In lists, commas are included between elements of the list and before the final “and” in the list, like “Sham, Ham, and Japeth”.
Although at one time, the typographical convention was to always put a comma or period (full stop) inside of a final quotation mark, at least in America, we prefer to use the convention of doing so only when that punctuation really belongs as part of the quoted text, or when the quoted sentence ends at the same point as the enclosing sentence. Meaning is more important than the looks of the typography, and the original historical reasons for always putting period or comma next to a letter instead of between a quote and space are no longer relevant. (We aren't worried about breaking or dislocating the small, fragile metal type commas and periods, which needed a letter next to them to withstand printing press usage.)
We use typographical (curly) quotation marks in the master copy of the World English Bible.
The first level of a quotation is enclosed with double quote marks. The second level (a quote within a quote) is enclosed within single quote marks. Further nesting alternates between double and single quote marks, up to 5 levels deep. (Anything deeper should probably be reworded, or quotation marks omitted.) Although older British usage reverses the single and double quote marks in the series, we don’t currently plan to make that substitution in the World English Bible British Edition, mostly because of the risk of messing up on distinguishing between right single quotes and typographic apostrophes, which are the same character, and because British usage of double quotation marks at the first level is increasing.
When a new paragraph or poetry stanza starts in the middle of a quotation, the quotation marks used to open that quotation are repeated at the beginning of the paragraph without closing them at the end of the previous paragraph.
The master copy of the World English Bible has the direct words of Jesus Christ marked so that they may optionally be printed in red letters (or some other way). This markup is independent of where quotation marks go, since it stops and restarts at verse markers and some other markup.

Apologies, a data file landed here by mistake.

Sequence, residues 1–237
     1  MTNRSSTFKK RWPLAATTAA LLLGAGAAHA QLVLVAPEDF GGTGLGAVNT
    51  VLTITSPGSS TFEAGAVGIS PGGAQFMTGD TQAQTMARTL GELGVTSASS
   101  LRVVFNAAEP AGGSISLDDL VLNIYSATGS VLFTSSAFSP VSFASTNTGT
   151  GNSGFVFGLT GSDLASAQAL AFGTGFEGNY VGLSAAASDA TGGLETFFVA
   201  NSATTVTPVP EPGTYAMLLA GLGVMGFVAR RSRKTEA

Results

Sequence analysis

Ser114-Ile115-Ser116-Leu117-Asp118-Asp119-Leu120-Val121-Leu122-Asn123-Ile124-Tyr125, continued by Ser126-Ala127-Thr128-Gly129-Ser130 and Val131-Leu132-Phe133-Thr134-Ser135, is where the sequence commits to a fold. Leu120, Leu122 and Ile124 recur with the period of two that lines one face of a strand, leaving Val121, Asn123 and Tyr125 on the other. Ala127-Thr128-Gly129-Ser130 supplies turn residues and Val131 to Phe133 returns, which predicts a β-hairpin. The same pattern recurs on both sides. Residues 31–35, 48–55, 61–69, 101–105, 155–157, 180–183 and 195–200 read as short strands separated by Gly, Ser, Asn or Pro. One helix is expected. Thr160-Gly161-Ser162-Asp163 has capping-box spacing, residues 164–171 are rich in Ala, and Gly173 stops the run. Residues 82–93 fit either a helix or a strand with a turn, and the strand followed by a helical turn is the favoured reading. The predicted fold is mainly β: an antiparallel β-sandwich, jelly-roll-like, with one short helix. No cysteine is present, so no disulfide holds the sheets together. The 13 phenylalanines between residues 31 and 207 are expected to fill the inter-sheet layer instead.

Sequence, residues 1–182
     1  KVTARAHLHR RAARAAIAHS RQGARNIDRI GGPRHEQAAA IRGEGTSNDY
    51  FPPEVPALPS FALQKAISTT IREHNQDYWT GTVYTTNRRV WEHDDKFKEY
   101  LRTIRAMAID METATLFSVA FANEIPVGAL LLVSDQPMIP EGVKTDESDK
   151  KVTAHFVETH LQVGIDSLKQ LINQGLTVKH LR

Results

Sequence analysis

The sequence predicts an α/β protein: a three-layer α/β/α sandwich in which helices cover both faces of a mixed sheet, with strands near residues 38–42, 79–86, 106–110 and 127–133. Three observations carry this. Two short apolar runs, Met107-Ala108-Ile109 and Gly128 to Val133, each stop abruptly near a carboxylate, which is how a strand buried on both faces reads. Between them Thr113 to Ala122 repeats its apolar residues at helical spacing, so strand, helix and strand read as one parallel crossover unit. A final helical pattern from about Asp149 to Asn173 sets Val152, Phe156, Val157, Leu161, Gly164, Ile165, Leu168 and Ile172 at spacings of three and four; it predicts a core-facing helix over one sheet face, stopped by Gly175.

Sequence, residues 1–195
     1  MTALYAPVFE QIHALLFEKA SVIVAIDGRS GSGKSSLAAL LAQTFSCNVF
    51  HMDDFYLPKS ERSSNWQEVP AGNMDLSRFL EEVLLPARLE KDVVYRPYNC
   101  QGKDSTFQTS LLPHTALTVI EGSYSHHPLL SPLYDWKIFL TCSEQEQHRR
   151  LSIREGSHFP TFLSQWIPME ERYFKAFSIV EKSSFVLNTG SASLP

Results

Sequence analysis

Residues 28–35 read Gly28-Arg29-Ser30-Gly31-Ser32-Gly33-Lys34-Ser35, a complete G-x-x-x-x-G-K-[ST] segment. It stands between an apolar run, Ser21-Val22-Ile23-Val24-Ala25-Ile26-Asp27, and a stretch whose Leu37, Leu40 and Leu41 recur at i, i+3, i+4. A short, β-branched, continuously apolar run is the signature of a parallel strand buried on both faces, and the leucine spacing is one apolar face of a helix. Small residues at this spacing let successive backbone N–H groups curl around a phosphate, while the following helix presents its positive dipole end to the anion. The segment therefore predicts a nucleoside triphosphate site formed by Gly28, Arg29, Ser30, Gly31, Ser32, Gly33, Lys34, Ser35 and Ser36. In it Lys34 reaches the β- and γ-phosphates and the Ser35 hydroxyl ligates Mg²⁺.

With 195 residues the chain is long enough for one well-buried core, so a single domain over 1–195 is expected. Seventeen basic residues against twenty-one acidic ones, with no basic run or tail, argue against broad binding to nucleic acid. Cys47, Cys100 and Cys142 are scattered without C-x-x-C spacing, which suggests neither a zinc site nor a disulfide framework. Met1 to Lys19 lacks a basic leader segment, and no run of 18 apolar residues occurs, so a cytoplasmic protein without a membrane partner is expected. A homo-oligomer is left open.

Regardless of the file format used, quotation marks are considered part of the text of the World English Bible, not something to be generated from markup.
Footnote and crossreference note markers will be placed at the end of the word or phrase that they pertain to, and outside of adjacent punctuation.
We use em dashes to set off some parenthetical phrases or indicate uncompleted sentences. Although style consensus is not unanimous on this in the world, we use m-dashes without spaces around them. When converting for display on devices that only handle fixed-width fonts, these might be better doubled or converted to two normal dashes, but the master copy will only have one m-dash without spaces around it.
What is the World Messianic Bible?
The World Messianic Bible is an edition of the World English Bible that uses a dialect of English closer to what Messianic Jews normally use. It is just like the World English Bible, except:
- God's Proper Name in the Old Testament is rendered "LORD" or "GOD" instead of "Yahweh".
- Many proper names in the New Testament are given in their Hebrew forms instead of the common Greek/English forms.
- "Baptize" is rendered "immerse" for a more clear connection between Jewish purification rituals and the meaning of the Greek word.
- The books of the Old Covenant are listed in the traditional Hebrew Bible order.
Where can I get the WEB?
The World English Bible is at eBible.org/web/ or WorldEnglish.Bible at https://worldenglish.bible. The World Messianic Bible, also known as the World English Bible: Messianic Edition or the Hebrew Names Version, is available at eBible.org/engwmb/. The World English Bible British Edition (which uses Australian/British/International spelling) is at eBible.org/webbe/, or just eBible.org/be for people who want a shorter URL. The World Messianic Bible British Edition is available at https://ebible.org/engwmbb/. Pointers to where to buy paper copies are at https://eBible.org/buy.php.
How can I help support the WEB work?
- You can pray for everyone who works on it, that they would be sensitive to the Holy Spirit and correctly handle God’s Holy Word, and that God would abundantly provide everything needed for this work.
- You can become financial partners in this investment in God's Kingdom.
Who Maintains this FAQ?
This FAQ is maintained by Michael Paul Johnson at https://mljohnson.org. This page is kept at https://ebible.org/web/webfaq.htm. You may contact Michael at https://cryptography.org/cgi-bin/contact.cgi